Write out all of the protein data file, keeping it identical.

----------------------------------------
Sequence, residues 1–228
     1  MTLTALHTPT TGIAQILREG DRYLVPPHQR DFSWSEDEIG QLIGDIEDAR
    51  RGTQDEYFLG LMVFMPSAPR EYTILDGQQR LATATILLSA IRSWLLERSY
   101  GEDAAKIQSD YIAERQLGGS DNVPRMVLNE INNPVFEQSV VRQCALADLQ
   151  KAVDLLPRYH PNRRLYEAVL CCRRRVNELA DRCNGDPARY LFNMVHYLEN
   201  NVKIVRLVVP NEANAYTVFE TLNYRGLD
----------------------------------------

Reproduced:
Sequence, residues 1–228
     1  MTLTALHTPT TGIAQILREG DRYLVPPHQR DFSWSEDEIG QLIGDIEDAR
    51  RGTQDEYFLG LMVFMPSAPR EYTILDGQQR LATATILLSA IRSWLLERSY
   101  GEDAAKIQSD YIAERQLGGS DNVPRMVLNE INNPVFEQSV VRQCALADLQ
   151  KAVDLLPRYH PNRRLYEAVL CCRRRVNELA DRCNGDPARY LFNMVHYLEN
   201  NVKIVRLVVP NEANAYTVFE TLNYRGLD